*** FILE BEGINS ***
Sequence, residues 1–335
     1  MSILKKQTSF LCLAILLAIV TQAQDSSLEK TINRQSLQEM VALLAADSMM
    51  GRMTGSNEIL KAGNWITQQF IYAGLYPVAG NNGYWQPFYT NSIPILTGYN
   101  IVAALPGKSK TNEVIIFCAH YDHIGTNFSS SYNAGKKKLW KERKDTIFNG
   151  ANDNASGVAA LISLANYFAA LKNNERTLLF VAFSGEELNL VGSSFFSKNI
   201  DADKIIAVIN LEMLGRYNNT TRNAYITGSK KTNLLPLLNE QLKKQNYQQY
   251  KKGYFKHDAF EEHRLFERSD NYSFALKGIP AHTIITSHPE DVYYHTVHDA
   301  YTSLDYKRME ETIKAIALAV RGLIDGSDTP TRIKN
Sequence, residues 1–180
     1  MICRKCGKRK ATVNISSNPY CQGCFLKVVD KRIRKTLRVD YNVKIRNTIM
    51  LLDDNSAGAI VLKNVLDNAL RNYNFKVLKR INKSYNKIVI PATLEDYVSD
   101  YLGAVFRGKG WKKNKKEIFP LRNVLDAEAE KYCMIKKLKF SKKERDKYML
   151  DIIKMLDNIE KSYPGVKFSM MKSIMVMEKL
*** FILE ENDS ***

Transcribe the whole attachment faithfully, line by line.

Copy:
Sequence, residues 1–335
     1  MSILKKQTSF LCLAILLAIV TQAQDSSLEK TINRQSLQEM VALLAADSMM
    51  GRMTGSNEIL KAGNWITQQF IYAGLYPVAG NNGYWQPFYT NSIPILTGYN
   101  IVAALPGKSK TNEVIIFCAH YDHIGTNFSS SYNAGKKKLW KERKDTIFNG
   151  ANDNASGVAA LISLANYFAA LKNNERTLLF VAFSGEELNL VGSSFFSKNI
   201  DADKIIAVIN LEMLGRYNNT TRNAYITGSK KTNLLPLLNE QLKKQNYQQY
   251  KKGYFKHDAF EEHRLFERSD NYSFALKGIP AHTIITSHPE DVYYHTVHDA
   301  YTSLDYKRME ETIKAIALAV RGLIDGSDTP TRIKN
Sequence, residues 1–180
     1  MICRKCGKRK ATVNISSNPY CQGCFLKVVD KRIRKTLRVD YNVKIRNTIM
    51  LLDDNSAGAI VLKNVLDNAL RNYNFKVLKR INKSYNKIVI PATLEDYVSD
   101  YLGAVFRGKG WKKNKKEIFP LRNVLDAEAE KYCMIKKLKF SKKERDKYML
   151  DIIKMLDNIE KSYPGVKFSM MKSIMVMEKL